Nor was the court pleased with Perry’s argument that he had done the court a favor by “sav[ing] the time and resources of the court.” How does it save me time, the judge responded, to require me to cross-reference arguments from multiple briefs in multiple cases?

A brief wrap-up

In short, when it comes to persuading lawyers to keep their briefs brief, courts are playing a game of “whack-a-mole.” Tell them to double space, and they’ll redefine the term to make the spaces smaller. Impose a word count, and they’ll exempt some words. Challenge the exemption, and they’ll blame the computer. Impose a page limit, and they’ll use the pages to refer the court to more briefs.

Will they ever stop? Of course not. They’re lawyers.

Norm Tabler is a retired lawyer whose focused on health law. He serves on the editorial advisory boards of the ABA Senior Lawyers Division’s Voice of Experience e-newsletter (for which he writes the column “Adventures in the Law”) and Experience magazine and the Indiana State Bar Association’s Res Gestae magazine (for which he writes the column “Annals of the Law”). He writes and records a monthly podcast, The Lighter Side of Health Law , for the American Health Law Association’s Health Law Weekly.

ABAJournal.com is accepting queries for original, thoughtful, nonpromotional articles and commentary by unpaid contributors to run in the Your Voice section. Details and submission guidelines are posted at “ Your Submissions, Your Voice .”

This column reflects the opinions of the author and not necessarily the views of the ABA Journal—or the American Bar Association.

Related topics:

Trials & litigation | careers | career & practice | legal writing | professional development | columns, you might also like:.

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  • Narcissistic Lawyers and Artificial Intelligence: A band of dysfunctional brothers?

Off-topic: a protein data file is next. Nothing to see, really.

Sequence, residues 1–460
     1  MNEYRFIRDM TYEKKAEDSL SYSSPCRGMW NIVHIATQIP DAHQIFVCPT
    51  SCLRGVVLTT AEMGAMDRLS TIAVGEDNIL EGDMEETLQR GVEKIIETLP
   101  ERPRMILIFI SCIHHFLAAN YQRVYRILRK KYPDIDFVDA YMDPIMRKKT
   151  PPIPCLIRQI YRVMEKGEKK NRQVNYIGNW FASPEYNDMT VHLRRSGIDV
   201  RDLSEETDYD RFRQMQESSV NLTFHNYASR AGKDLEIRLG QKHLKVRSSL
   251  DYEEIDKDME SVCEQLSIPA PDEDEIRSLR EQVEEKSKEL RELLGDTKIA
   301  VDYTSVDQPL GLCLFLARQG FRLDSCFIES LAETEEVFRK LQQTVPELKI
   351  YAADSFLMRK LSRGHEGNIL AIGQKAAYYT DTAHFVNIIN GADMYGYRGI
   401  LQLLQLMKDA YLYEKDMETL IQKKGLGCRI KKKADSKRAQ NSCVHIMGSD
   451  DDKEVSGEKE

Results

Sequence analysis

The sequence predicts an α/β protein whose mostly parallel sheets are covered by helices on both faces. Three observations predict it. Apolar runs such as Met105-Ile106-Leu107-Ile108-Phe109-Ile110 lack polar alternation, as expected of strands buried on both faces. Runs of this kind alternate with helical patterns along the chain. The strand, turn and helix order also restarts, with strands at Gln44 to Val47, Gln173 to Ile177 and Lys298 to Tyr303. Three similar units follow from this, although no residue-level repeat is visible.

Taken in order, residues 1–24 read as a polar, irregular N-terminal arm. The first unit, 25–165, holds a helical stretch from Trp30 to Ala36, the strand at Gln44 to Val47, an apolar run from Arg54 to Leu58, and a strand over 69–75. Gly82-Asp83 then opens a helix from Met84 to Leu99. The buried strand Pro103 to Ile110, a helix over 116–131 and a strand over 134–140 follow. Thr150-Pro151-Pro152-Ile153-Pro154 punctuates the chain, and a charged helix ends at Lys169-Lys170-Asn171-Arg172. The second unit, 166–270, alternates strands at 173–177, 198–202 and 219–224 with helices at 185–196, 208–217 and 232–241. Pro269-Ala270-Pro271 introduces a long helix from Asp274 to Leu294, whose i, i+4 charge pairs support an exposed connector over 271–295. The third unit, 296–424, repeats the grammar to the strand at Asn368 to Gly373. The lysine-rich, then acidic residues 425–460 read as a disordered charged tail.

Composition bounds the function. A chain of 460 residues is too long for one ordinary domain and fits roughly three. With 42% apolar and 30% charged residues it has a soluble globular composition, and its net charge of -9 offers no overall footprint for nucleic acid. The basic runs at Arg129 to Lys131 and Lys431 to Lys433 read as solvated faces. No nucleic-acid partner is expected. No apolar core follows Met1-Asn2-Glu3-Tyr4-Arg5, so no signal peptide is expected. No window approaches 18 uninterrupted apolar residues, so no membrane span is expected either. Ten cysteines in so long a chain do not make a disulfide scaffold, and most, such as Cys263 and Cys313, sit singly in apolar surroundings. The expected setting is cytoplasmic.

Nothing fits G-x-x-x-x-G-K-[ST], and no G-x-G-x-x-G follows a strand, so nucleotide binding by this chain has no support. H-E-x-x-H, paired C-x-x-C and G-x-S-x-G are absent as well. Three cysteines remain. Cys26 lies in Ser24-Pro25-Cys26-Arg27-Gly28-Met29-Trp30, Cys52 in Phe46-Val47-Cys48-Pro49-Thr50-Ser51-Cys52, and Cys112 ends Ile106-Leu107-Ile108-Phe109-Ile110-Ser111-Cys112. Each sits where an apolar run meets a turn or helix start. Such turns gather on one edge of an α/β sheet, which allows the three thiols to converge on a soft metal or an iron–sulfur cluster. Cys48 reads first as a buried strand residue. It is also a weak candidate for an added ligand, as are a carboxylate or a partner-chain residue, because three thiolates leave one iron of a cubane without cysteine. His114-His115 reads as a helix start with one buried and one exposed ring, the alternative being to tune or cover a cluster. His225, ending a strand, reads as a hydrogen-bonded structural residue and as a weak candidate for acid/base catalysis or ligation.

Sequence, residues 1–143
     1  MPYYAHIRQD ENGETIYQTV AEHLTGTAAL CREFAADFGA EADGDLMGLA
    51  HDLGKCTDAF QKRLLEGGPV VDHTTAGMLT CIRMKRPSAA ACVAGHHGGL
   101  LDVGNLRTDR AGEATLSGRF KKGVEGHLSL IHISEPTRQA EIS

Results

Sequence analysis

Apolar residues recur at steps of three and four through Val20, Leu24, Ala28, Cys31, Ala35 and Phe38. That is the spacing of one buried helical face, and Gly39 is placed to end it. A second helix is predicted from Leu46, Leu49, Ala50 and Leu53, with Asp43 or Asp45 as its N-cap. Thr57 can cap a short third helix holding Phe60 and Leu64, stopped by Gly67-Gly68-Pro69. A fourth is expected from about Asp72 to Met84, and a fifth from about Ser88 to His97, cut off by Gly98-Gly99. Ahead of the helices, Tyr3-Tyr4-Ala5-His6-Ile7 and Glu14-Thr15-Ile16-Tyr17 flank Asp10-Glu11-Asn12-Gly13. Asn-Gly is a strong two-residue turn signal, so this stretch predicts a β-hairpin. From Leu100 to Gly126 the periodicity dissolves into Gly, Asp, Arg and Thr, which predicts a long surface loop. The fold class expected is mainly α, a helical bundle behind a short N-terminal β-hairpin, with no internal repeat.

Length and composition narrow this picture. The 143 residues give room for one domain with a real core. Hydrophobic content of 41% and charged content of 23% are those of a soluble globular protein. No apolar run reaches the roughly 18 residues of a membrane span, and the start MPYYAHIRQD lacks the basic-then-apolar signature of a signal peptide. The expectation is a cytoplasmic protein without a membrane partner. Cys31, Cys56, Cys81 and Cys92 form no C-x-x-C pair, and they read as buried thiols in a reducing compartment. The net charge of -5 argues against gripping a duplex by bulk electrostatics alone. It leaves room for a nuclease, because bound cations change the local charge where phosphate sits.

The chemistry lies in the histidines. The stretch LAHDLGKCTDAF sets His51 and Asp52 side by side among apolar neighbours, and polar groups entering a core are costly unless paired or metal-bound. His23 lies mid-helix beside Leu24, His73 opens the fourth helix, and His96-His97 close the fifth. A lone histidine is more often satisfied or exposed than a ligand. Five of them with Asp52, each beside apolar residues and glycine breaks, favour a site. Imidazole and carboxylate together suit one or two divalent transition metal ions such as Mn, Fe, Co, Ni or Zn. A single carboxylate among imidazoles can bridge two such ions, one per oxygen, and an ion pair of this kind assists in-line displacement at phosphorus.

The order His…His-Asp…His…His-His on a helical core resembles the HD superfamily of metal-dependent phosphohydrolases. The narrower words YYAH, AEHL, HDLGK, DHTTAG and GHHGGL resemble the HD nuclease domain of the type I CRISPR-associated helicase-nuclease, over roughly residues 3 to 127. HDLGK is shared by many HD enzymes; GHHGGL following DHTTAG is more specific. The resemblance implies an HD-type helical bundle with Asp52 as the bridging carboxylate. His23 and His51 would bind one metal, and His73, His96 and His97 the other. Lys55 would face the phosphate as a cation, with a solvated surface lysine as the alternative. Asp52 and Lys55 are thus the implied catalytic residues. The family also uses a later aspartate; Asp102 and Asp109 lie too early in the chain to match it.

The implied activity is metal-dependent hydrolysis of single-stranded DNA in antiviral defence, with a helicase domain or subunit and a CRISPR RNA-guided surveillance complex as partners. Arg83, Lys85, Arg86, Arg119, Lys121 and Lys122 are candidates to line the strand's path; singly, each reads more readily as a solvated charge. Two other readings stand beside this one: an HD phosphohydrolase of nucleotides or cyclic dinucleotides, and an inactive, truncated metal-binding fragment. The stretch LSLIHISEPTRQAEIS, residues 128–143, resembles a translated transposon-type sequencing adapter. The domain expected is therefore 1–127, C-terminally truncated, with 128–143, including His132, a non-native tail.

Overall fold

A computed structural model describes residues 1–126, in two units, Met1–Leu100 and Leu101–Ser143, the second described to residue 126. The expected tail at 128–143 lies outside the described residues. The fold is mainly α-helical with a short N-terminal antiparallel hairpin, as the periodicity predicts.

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  • What lawyers should know about customer relationship management

Give us feedback, share a story tip or update, or report an error.

Your voice submissions.

Your Voice.

The ABA Journal wants to host and facilitate conversations among lawyers about their profession. We are now accepting thoughtful, non-promotional articles and commentary by unpaid contributors.

Read the Your Voice submission guidelines.

Law firms either keep up with tech or get left behind

How do catholic church lawyers determine the credibility of sex assault allegations, the case for bar associations: why they matter, judging the judges: with all due respect, of course.

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    About Word Counter. Word Counter is an easy to use online tool for counting words, characters, sentences, paragraphs and pages in real time, along with spelling and grammar checking. Get started by typing directly into the text area above or pasting in your content from elsewhere. Word and character counts will display at the top, any writing ...

  6. How to Increase your Essay's Word Count

    Adding random words will make writing weaker, so it's important to choose your words wisely. 3. Reread Your Essay and Dig Deeper. There are many ways to add quality content to your essays that will increase your word count while still improving your work. Here are some ways to dig deeper into your writing:

  7. How Long Should a College Essay Be?

    Revised on June 1, 2023. Most college application portals specify a word count range for your essay, and you should stay within 10% of the upper limit. If no word count is specified, we advise keeping your essay between 400 and 600 words. You should aim to stay under the specified limit to show you can follow directions and write concisely.

  8. The Best College Essay Length: How Long Should It Be?

    In the simplest terms, your college essay should be pretty close to, but not exceeding, the word limit in length. Think within 50 words as the lower bound, with the word limit as the upper bound. So for a 500-word limit essay, try to get somewhere between 450-500 words. If they give you a range, stay within that range.

  9. 3 Easy-To-Use Tools to Count Words

    1. Count Words With Microsoft Word. The most-widely used word processor makes it easy to count your words. On Windows, there are two ways to see the word count. On the Review tab, just next to Spelling and Grammar Check, and on the home ribbon beside the page number. On Mac, you can find the word count under Tools -> Word Count.

  10. Word Counter: Get Word & Character Count in Essay for FREE

    01. Check the box. Tick the box to proceed further - your text won't be saved in our system. 02. Paste your text. Enter the text to check how many words or characters it contains. 03. Get accurate results. Have word count calculated automatically and get your result instantly.

  11. How do I (legitimately) reach the word count for essays?